The visitor to H.Z. Smith Motors was looking over a ’26 Model T Roadster, reminiscing about how he once had a “turtle shell” himself.
The visitor said he would have guessed this one was a ’27. But 73-year old Howard “H.Z.” Smith said it was a ’26 — but not to feel bad because it’s darn tough to tell the difference.
“The ’26 and ’27 were all steel bodies and they had the gas tank in front of the windshield. The older Ts had it under the seat,” Howard said. “That’s how you tell the ’26 and ’27s.”
That’s the way it works at H.Z. Smith Motors, the place just east of Lawrence on Kansas Highway 10 that serves as a combination classic car lot/salvage yard.
Some of the nuggets here are mined from the memories of men who have lived a life surrounded by automobiles. Other nuggets are mined right from the ground. Piles of parts lined up in the grass — bench seats with a story to tell, chrome hub cabs waiting for a good rub down, valve covers with grease older than many a visitor who picks them up to feel their weight.
Pointing to rows of fenders, mirrors, motors and other parts that you didn’t even know cars had, Howard says: “I could probably walk through and tell you what everything out there is.”
For a bit longer, anyway.
After 32 years in business, H.Z. Smith Motors is closing Saturday, May 9, with an auction that begins at 10 a.m. at the business, which is just east of the LRM plant on Kansas Highway 10.
The auction is expected to attract buyers from across the country, with collectors from West Virginia, Georgia, Pennsylvania, Iowa and Ohio already confirming that they’ll be there.
The reason? It goes back to a simple saying that has been uttered upon oily shop floors the world over: They ain’t making any more of these.
On the auction block will be a ’55 Thunderbird, a ’65 Studebaker that has only 44,000 original miles, and a muscle car or two that crank out about 400 horsepower. Some vehicles could fetch $20,000 or more.
Others will fetch memories of a bygone era — a Packard, a Scout, a Galaxie, an Oldsmobile and several other names that once were prominent on car lot billboards but now are relegated to the history books.
Keith Smith, who took over the business after his father retired in 2001, thinks the history books are where a lot of businesses like this one are headed.
“The days of a salvage yard where you can walk through the rows and look and touch the old cars are pretty much gone,” Keith said.
The Internet has helped usher out that era, Keith said. When it comes to classic car parts, a good majority of that business is now done online. People type a part into a search engine, a worker in a warehouse pulls it off a shelf and it arrives on your doorstep a few days later via UPS.
Efficient, for sure. But when did owning a 50-year-old automobile become about efficiency?
Some of the best days at H.Z. Smith Motors were some of the most inefficient, Keith said. For years, the Douglas County Fairgrounds has played host to the state’s largest swap meet — a place where old car parts are strewn about for sale.
During swap meet week, the motor company became a magnet for the diehards — men like Howard, who fell in love with cars after his family stopped riding horses into town in the 1950s. These are men who could walk by a box of scrap and know from just a glance that the part sitting on top was a blower motor for a ’49 shoebox Ford. Men who have memorized shapes, forms and chrome pieces to identify hoods, fenders and bumpers that sit alone in a field. Men who know that a gas tank on a ’26 Model T is in front of the windshield.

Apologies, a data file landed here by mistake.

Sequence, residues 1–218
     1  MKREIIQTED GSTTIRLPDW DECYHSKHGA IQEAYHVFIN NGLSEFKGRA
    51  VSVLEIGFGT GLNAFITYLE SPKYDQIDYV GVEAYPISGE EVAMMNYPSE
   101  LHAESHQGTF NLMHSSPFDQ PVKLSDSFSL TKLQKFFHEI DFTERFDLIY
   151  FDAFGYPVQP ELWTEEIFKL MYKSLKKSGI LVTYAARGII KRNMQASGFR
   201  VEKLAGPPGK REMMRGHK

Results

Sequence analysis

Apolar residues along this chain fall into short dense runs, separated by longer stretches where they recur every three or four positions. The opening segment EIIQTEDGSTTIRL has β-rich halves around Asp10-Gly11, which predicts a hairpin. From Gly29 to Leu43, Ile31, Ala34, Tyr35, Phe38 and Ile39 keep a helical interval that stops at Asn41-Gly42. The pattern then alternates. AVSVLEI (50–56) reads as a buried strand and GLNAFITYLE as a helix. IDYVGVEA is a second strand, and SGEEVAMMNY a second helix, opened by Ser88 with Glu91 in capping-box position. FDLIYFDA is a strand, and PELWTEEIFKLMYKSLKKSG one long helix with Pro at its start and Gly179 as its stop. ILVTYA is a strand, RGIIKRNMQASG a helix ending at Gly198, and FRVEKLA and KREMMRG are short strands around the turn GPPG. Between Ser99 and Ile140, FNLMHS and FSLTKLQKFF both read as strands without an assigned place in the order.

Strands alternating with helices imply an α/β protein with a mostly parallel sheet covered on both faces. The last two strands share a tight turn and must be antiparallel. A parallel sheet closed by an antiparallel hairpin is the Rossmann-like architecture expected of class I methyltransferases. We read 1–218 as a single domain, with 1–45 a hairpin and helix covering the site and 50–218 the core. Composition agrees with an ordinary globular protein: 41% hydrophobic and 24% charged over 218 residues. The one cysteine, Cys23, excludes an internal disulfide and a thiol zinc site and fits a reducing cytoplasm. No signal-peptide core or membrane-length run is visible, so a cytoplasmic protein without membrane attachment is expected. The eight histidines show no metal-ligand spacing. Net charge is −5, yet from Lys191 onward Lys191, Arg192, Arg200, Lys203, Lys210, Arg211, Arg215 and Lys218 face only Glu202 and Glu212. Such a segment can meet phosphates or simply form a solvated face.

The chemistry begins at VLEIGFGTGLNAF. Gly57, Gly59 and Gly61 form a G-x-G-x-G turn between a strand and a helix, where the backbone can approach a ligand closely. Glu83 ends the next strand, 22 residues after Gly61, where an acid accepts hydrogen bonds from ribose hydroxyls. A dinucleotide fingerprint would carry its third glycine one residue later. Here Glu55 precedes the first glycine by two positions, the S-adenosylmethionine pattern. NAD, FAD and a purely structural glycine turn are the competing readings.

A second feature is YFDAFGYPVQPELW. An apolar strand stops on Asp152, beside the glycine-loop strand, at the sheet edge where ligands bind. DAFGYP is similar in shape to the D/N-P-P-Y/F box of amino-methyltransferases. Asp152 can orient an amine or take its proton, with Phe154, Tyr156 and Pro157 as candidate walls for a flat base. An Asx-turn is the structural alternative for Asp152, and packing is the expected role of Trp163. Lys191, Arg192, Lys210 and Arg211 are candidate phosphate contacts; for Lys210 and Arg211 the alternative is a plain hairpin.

Keith said he never sold a car during swap meet week, but those are some of the days he’ll remember most.
“They would just stop by,” Keith said. “The wives would sit in the car for an hour and the men would walk through. They’d tell me about the car they had at home and we’d just talk and reminisce for an hour or two. Those were the fun days.”
Keith Smith has seen the ups and downs in the car business before. He began working on the car lot at 13, hoping each day that his dad would let him get behind the wheel to park one of the new arrivals.
By the time he graduated high school, he already had owned eight cars. Over the next 22 years, he’d buy another 170. At that point — it was 2001 — he decided he might as well officially get into the car business, so he stopped his dad’s plan to sell out and took over the business himself.
But this economic downturn is different. Keith, 45, estimates the market for old cars is down by half to two-thirds — despite the fact many older cars will appreciate in value by 5 percent a year or more, if they’re maintained well.
“I just figured I’d better get out while I can still swim out instead of float out,” Keith said.
Plus, Keith and Howard said it was getting harder to find cars to sell. Each year, a few classics are lost to accidents, fire, rust.
Perhaps the Mustangs, the Corvettes, the Chargers of today will draw collectors in the future, Keith said. But many of the classics that have gone through the lot at H.Z. Smith Motors were just standard family cars back in their era.
Will anyone 35 years from now really be collecting a 2005 Ford Taurus?
“God, I hope not,” Keith said.
So who is going to lose more as places like H.Z. Smith Motors dwindle away? Men like Keith and Howard, or future generations that won’t ever experience how a classic car can take you back in time?
Keith doesn’t know. He’s just glad the business has given him all that it has.
“On a bad day,” Keith said, “I could always crawl in something like that ’71 Monte Carlo sitting there in the shop with a 402 big block, and open that thing up on 10 highway. The day would just kind of go away behind you.”
Yeah, it will be for sale today. In the end, everything’s for sale.